|作者：||Liu Su-Tong, Zhang Su-Fang, Su Kai-Qi, Luo Ying-Bin, Fang Zhi-Hong, Fang Yuan, Xu Jing, Wu Jian-Chun, Li Yan|
11 Department of Oncology, Shanghai Municipal Hospital of Traditional Chinese Medicine, Shanghai University of Traditional Chinese Medicine, Shanghai, China.
22 Department of Traditional Chinese and Western Medicine, Shanghai Pulmonary Hospital of Tongji University School of Medicine, Shanghai, China.
33 Shanghai University of Traditional Chinese Medicine, Shanghai, China.
|刊名：||Traditional Medicine Research, 2019, Vol.4 (2), pp.91-98|
|来源数据库：||TMR publishing group|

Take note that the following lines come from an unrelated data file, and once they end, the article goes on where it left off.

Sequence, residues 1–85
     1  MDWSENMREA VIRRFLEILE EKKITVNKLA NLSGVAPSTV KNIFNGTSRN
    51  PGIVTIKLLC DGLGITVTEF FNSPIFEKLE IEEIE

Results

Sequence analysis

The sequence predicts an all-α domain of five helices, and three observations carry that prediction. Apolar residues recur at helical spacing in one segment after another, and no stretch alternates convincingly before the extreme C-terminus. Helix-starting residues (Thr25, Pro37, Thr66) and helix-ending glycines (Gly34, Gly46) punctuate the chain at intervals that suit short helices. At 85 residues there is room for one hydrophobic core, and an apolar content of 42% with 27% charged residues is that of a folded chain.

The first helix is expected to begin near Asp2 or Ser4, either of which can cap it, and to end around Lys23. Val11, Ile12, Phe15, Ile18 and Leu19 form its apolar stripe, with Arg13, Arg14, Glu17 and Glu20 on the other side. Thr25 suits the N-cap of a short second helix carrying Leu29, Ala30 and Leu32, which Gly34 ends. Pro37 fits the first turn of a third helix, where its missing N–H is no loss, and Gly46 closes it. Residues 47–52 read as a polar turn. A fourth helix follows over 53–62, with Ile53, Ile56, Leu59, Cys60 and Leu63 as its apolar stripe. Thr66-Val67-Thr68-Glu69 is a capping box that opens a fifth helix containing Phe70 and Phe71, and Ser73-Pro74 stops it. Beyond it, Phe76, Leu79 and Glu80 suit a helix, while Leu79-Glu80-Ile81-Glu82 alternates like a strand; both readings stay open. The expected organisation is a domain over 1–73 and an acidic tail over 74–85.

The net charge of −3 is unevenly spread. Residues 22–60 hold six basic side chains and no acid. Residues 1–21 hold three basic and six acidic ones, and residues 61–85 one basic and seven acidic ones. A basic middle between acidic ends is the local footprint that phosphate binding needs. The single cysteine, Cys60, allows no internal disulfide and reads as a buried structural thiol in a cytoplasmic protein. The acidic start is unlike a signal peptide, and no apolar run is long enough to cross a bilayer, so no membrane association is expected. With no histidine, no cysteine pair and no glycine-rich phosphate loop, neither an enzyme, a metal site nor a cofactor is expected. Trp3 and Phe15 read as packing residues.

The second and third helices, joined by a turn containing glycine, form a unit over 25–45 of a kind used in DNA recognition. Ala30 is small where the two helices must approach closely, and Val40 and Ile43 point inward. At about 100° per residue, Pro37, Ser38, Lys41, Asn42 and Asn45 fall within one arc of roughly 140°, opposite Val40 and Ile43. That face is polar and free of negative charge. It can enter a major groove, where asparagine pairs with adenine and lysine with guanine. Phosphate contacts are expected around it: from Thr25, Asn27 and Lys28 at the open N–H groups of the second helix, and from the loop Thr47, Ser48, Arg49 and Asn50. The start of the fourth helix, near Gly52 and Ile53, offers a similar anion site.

|原始语种摘要：||HighlightsThis retrospective cohort study showed that long-term traditional Chinese medicine as an adjuvant therapy can improve disease-free survival of postoperative lung cancer patients, especially in patients with stage I and II disease.(#br)TraditionalityThis study provided sufficient evidence that long-term traditional Chinese medicine treatment is associated with 5-year disease-free survival in postoperative lung cancer patients, especially in patients with stage I and II disease.(#br)Abstract Objective:(#br) Traditional Chinese medicine (TCM) has been extensively used as one of popular alternative therapies for several cancers. However, it remains unclear whether TCM treatment is associated with longer survival in lung cancer patients. In this study, we explored the effect of... long-term TCM treatment on patients with different stages of lung cancer. Methods:(#br) All information of lung cancer patients with stage I-III disease from January 2007 to September 2015 was collected for this retrospective cohort study. Those who were treated with TCM after surgery were divided into TCM group and the others were into the non-TCM group (control group). All patients were regularly followed up by clinic appointment or phone, and all survival data were collected from databases after the last follow-up in October 2017. Results:(#br) A total of 575 patients were included in this study, with 299 patients in the TCM group and 276 in the control group. For all patients, 5-year disease-free survival (DFS) was 62.2% in TCM group and 42.1% in the control group, and 6-year DFSs were 51.8% and 35.4%, respectively (HR = 0.51, 95% CI:(#br) 0.40 to 0.66, log-rank P ≤ 0.001). For patients with stage I, 5-year DFSs were 83.7% (TCM group) and 57.5% (control group) and 6-year DFSs were 73.7% and 51.9%, respectively (HR = 0.30, 95% CI:(#br) 0.18 to 0.50, log-rank P ≤ 0.001). For patients with stage II in the TCM group and the control group, 5-year DFSs were 59.4% and 17.6% and 6-year DFSs were 44.7% and 17.6%, respectively (HR = 0.31, 95% CI:(#br) 0.19 to 0.52, log-rank P ≤ 0.001), and for patients with stage III, 5-year and 6-year DFSs in the TCM group were 18.7% and 12.5% compared with 28.4% and 20.3% in the control group (HR = 1.06, 95% CI:(#br) 0.72 to 1.56, log-rank P = 0.76). Conclusions:(#br) This study demonstrated that long-term TCM treatment as an adjuvant therapy is able to improve the DFS of postoperative stage I-III lung cancer patients, especially in patients with stage I and II disease. However, these observational findings need being validated by large sample randomized controlled trials.(#br)|